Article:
I don’t know just when it happens that it first strikes a person that History is not just a matter of the past, but of the living influences that surround us. For most of us, the present time begins roughly around the year of our birth, or perhaps even around the time of our earliest personal memories. and everything beforehand belongs to History, Thus, for example, on a visceral level it seems to me that the forty years after my high school graduation (1968 to 2008 ) seems to be much shorter than the forty years preceding it (1928 to 1968 ) . Subjective time is very flexible that way.
Here’s one that struck me even more forcefully, just the other day. A couple of months ago, my mother passed away at age 96. That’s not so unusual, and I find it convenient to think of the 20th century in terms of the life-spans of my parents (Dad was born in 1907 and passed away in 1989). But the 19th century still seems impossibly remote, populated entirely by Historical Figures. Until this thought came to me:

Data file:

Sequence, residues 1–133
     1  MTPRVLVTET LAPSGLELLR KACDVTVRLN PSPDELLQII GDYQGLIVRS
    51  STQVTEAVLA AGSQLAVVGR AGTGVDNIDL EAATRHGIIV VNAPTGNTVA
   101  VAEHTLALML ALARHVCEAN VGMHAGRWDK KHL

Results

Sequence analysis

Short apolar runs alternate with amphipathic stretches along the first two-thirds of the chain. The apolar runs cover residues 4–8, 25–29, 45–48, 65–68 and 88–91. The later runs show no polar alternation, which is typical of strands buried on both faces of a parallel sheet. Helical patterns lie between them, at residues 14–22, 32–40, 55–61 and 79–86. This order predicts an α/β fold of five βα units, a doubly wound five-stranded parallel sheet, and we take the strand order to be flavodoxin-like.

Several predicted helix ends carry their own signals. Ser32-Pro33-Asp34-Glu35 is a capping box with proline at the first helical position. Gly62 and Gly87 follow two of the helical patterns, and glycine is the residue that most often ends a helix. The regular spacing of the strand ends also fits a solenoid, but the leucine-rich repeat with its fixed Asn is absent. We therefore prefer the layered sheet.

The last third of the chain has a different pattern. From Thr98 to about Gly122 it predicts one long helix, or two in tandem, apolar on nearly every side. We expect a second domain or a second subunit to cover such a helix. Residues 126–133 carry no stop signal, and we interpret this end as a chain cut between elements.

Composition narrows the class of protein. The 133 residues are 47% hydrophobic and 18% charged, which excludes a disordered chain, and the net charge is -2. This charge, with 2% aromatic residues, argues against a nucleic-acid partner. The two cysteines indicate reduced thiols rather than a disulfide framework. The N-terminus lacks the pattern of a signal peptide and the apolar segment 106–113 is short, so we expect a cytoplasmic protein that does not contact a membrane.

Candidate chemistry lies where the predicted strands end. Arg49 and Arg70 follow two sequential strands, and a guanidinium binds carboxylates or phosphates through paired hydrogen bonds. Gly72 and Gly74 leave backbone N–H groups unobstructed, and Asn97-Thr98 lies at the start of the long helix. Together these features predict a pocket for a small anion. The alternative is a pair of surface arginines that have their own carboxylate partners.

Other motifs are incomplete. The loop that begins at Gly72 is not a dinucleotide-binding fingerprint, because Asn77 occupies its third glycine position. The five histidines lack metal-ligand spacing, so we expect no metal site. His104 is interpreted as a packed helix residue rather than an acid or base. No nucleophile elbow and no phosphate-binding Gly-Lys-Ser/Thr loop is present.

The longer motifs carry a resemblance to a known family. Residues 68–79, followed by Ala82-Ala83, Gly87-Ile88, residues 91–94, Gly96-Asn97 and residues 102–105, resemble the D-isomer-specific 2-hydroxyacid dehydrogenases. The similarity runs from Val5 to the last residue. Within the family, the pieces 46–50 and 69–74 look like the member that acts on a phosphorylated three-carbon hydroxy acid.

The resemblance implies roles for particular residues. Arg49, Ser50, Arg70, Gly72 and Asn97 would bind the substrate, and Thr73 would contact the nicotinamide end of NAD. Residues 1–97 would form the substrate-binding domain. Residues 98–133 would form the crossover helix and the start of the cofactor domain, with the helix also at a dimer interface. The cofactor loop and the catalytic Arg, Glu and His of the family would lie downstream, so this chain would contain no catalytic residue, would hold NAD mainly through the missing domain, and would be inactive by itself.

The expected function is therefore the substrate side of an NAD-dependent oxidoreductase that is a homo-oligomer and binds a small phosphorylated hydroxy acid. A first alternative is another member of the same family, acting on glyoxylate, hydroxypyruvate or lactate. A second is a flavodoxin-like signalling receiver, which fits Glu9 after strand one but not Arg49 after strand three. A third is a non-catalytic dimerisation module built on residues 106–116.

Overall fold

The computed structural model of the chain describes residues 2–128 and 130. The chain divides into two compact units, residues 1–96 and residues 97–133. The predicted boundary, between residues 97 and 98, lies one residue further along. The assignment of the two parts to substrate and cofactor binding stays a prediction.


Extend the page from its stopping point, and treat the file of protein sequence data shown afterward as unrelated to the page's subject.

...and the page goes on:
When I was born, in 1950, there could easily have been someone nearby who had by then attained an age as great as my mother did this past year (96). A 96 year old person that year would have been six years old, old enough to have retained memories of events, the year that Abraham Lincoln ran for President. That same year, a much younger contemporary, by comparison, would have had clear memories of the way life was before the Revolution.